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Welcome back readers. Today's Smart Brevity count: 1,241 words, a 4.5-minute read.

Situational awareness: Domestic violence appears to be worsening during the COVID-19 crisis.

  • The National Domestic Violence Hotline could use your help if you can during these economically tough times.
  • Donate here and reach out by calling 1-800-799-7233 or texting LOVEIS to 22522 if you have concerns about yourself or someone else.

🎵And finally, a belated happy birthday to Midnight Oil frontman Peter Garrett. They'll play us into the weekend...

1 big thing: Coronavirus drives coal to new low
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Data: Rhodium Group analysis of EIA data. Chart: Axios Visuals

The coronavirus pandemic is accelerating a years-long decline in coal-fired electricity, Axios' Amy Harder reports.

Driving the news: Weaker demand and super-low natural gas prices, both driven by the pandemic, have prompted coal to drop to just 15% of the U.S. electricity mix for the first time in modern history, per new analysis of government data by consultancy Rhodium Group.

  • Rhodium analyzed hourly electricity data from the Energy Information Administration to conclude that wind and solar generated more electricity than coal for several days over the past week.
  • "That’s never happened before," said Trevor Houser, a partner at the firm.

Flashback: A decade ago, coal powered nearly 50% of America’s electricity, by far the largest share.

  • The one-two punch of cheap, cleaner-burning natural gas and tougher environmental regulations during the Obama administration pushed coal far from its traditional perch as America’s top power source.

Two factors are driving coal’s relative demise now compared to other power sources.

  1. Existing wind and solar plants have fixed costs and no marginal cost, which means they "generally get priority" when deciding which types of plants to run, Houser said.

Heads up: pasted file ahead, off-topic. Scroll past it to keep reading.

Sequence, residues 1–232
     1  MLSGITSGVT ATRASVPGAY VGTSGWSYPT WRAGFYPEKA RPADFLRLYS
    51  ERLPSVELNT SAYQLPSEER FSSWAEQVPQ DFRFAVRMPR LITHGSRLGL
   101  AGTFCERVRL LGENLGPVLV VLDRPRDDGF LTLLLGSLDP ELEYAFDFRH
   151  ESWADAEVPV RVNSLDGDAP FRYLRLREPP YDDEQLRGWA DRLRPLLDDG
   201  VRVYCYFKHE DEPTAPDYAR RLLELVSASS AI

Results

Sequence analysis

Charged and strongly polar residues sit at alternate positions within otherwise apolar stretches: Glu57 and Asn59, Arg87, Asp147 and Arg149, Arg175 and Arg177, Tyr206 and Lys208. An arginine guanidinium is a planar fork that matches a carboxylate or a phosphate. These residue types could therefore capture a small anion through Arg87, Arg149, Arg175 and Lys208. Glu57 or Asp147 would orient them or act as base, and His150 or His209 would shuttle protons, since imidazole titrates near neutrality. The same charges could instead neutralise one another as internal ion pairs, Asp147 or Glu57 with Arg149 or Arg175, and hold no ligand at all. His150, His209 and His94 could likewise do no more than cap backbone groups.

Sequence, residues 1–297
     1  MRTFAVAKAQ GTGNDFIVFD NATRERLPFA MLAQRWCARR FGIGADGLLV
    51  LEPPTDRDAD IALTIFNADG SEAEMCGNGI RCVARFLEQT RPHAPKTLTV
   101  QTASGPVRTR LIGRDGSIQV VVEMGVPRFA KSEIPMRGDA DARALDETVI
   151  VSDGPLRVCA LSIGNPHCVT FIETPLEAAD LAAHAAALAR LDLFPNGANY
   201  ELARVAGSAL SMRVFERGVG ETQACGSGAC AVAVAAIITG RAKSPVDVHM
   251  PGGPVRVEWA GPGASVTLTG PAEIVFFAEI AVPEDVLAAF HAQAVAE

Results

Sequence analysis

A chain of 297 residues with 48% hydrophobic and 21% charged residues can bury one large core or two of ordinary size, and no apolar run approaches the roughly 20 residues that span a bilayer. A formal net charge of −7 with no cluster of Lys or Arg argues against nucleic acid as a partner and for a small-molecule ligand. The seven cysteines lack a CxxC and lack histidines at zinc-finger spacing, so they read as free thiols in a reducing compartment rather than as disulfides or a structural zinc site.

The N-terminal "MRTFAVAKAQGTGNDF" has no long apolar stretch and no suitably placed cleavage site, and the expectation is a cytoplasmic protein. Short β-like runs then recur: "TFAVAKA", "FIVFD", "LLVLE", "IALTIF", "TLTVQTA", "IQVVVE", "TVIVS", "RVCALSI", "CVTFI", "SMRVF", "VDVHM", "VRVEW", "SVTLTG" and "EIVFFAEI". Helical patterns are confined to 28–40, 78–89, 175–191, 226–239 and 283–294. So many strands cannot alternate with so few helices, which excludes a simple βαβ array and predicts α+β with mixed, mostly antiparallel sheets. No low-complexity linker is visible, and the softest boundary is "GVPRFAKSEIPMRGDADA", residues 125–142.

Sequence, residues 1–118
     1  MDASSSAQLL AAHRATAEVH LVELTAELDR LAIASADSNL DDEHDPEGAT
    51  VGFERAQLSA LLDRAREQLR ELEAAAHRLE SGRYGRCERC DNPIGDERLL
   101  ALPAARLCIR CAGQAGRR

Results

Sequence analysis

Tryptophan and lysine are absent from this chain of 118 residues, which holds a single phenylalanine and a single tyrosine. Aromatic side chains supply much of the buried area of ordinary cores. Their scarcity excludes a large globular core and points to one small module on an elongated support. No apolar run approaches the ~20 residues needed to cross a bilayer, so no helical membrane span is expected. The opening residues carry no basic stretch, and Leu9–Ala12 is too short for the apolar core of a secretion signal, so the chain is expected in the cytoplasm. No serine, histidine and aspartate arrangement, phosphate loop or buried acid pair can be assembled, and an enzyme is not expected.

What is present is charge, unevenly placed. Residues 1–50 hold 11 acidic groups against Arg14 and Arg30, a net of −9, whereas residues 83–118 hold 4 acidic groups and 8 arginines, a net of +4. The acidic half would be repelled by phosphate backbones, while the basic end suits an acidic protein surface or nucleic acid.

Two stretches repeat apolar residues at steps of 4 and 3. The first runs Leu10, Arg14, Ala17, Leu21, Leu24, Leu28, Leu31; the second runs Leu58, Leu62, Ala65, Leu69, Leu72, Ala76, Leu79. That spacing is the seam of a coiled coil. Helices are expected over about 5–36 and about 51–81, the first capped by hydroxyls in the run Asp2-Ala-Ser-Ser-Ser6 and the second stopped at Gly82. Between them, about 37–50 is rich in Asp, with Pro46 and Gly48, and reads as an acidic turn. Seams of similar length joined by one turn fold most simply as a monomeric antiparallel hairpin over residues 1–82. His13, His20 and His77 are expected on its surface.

2. Natural gas prices are very low due to relatively warm weather and rock-bottom oil prices, which have also been driven lower by the pandemic. This means gas is beating out coal for whatever piece of the shrunken pie is left.

Of note: The chart above excludes natural gas, the largest source of electricity, because it’s stayed relatively constant in this time frame, as has hydropower and nuclear power.

What we're watching: Is this a temporary blip downward for coal that will change once shutdowns are lessened or will this acceleration cement a permanent new low?

2. Shell provides a glimpse inside its lobbying

Royal Dutch Shell paid the American Petroleum Institute, the industry's most powerful lobbying group, at least $12.5 million in 2019, the oil giant revealed.

Driving the news: The tally, which Shell tells Axios is consistent with recent years, shows up in a report Shell published yesterday on its trade group memberships.

Why it matters: The report, posted the same day Shell announced new climate pledges, provides a look at how much a major oil company pays to be part of various associations.

  • In 2019, the payments to API, which Shell says were between $12.5 million and $15 million, were far more than what they paid other groups listed in the report.
  • The next tranche lists payments of $1 million–$2.5 million to groups including the U.S. Chamber of Commerce and the European Chemical Industry Council.

Where it stands: Shell's first-time publication of the per-group payments arrives in an update to its April 2019 report that lays out areas where it disagrees with the posture of some associations.

  • Shell's latest review did not find grounds to quit any more groups after bailing on the American Fuel & Petrochemical Manufacturers last year over climate policy differences.
  • However, Shell says that it still has areas of "some misalignment" with several groups and will continue to push from the inside, for instance noting it will advocate that API should back carbon pricing.

The intrigue: The outcome includes staying with the Western States Petroleum Association, a group that BP abandoned in February, saying they were "unable to reconcile" their views.

  • Shell said it will press for the group to support the goal of the Paris climate agreement.

Go deeper:

3. Notes from the oil demand cliff...
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Reproduced from EIA; Chart: Axios Visuals